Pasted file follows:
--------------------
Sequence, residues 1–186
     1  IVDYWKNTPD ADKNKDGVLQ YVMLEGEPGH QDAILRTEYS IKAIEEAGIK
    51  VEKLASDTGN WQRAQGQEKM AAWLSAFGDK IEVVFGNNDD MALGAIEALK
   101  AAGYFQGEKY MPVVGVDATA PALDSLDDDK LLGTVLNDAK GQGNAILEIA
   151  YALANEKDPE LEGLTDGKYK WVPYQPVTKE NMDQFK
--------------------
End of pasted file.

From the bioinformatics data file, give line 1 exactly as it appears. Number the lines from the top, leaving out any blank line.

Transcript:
Sequence, residues 1–186